Libertarian Vote Cost GOP Nine Races?
David Nir at Daily Kos found nine Congressional or Senate races where the amount of votes received by the Libertarian Party candidate exceeded the difference between the winning Democratic candidate and the Republican candidate:
As we’ve perused last week’s election returns, we’d noticed a number of races where Libertarian candidates appear to have played spoiler for Republicans—certainly, more than we’re accustomed to. While we haven’t run a comparison with prior cycles, we’ve identified no fewer than nine contests in 2012 where the Libertarian received more votes than the difference between the Democratic and Republican candidates. What’s more, none of these involved the typical 1 or maybe 2 percent you ordinarily expect a Lib to garner: Looking at the three-way vote, all but one were over 3 percent, and three took 6 percent or more, with a high of 6.5 percent in the Montana Senate race. These definitely seem like unusually high figures.
So what’s going on here? I wouldn’t want to speculate too much based on this limited data set. But I could easily believe that a growing proportion of conservative-leaning voters are too disgusted with the GOP to pull the Republican lever, but who won’t vote for Democrats either, are choosing a third option and going Libertarian instead. This thesis dovetails with something else we saw this year: independents generally leaning more rightward simply because at least some former Republicans are now refusing to identify with their old party. It’s not much of a stretch to imagine that some folks like that don’t want to vote for their old party either.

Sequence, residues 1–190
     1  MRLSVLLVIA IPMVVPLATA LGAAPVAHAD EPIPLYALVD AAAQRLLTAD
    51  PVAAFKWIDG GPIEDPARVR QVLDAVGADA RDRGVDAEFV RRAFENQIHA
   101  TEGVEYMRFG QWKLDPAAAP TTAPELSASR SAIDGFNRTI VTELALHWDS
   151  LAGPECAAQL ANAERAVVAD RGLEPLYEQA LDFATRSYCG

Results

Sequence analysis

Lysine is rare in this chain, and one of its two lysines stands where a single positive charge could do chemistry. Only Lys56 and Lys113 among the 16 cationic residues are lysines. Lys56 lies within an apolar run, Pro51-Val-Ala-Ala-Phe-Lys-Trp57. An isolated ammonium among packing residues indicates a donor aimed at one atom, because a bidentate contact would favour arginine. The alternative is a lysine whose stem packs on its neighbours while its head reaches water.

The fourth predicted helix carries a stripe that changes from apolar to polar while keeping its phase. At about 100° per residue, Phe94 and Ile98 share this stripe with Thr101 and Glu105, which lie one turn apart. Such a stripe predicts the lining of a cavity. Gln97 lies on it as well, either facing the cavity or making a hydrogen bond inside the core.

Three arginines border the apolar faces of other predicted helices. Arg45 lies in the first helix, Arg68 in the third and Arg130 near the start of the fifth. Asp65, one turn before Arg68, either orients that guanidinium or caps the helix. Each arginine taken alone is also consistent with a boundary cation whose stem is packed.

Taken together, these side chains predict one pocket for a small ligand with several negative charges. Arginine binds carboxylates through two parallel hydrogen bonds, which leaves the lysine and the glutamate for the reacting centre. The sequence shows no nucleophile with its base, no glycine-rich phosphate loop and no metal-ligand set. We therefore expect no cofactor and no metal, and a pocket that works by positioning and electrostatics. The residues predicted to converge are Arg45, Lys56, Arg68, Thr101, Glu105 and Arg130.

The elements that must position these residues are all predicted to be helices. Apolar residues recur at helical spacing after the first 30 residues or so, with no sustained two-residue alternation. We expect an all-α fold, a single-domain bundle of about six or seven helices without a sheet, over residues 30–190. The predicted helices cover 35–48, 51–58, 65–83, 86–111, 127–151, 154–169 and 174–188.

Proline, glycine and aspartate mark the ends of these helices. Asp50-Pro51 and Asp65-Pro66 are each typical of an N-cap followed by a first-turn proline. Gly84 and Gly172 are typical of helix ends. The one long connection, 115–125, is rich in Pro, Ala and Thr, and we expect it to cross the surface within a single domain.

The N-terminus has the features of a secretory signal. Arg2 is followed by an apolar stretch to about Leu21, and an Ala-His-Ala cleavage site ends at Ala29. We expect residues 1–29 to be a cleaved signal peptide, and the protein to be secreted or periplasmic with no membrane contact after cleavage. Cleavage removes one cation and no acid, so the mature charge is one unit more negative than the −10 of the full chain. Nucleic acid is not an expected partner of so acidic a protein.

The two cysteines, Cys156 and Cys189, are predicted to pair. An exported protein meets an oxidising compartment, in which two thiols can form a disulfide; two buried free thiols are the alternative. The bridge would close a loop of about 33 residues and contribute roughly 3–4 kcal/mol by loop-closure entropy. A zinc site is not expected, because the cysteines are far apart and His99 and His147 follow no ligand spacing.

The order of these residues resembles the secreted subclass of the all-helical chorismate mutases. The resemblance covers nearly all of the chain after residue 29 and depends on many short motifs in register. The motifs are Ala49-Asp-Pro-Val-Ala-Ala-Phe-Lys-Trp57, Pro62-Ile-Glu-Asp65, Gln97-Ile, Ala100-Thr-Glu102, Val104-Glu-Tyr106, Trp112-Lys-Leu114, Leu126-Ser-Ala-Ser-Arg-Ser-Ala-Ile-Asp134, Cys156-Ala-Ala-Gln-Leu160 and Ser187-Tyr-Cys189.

Of course, in order for this hypothesis to be true, one would have to assume that all, or at least a significant number, of the people that voted for the Libertarian Party candidate in these races would have voted for the Republican candidate otherwise. I suspect that may be true in certain cases, such as Andrew Horning, who was the LP candidate for Senate in Indiana. In that case, it’s possible that some not insignificant number of otherwise Republican voters, including quite possibly people who likely would have voted for Richard Lugar had he been the nominee, decided to protest what they considered a bad candidate by voting for a third party. More generally, though, I’m not sure it’s accurate to say that Libertarian votes automatically hurt a Republican candidate more than a Democratic candidate. There were several pre-election polls in states like Colorado, Oregon and New Mexico, for example, that seemed to show Gary Johnson drawing votes away nearly equally from both Mitt Romney and Barack Obama.
Nonetheless, it strikes me that there is a lesson in these numbers for the Republican Party. Ignore the libertarian vote at your peril.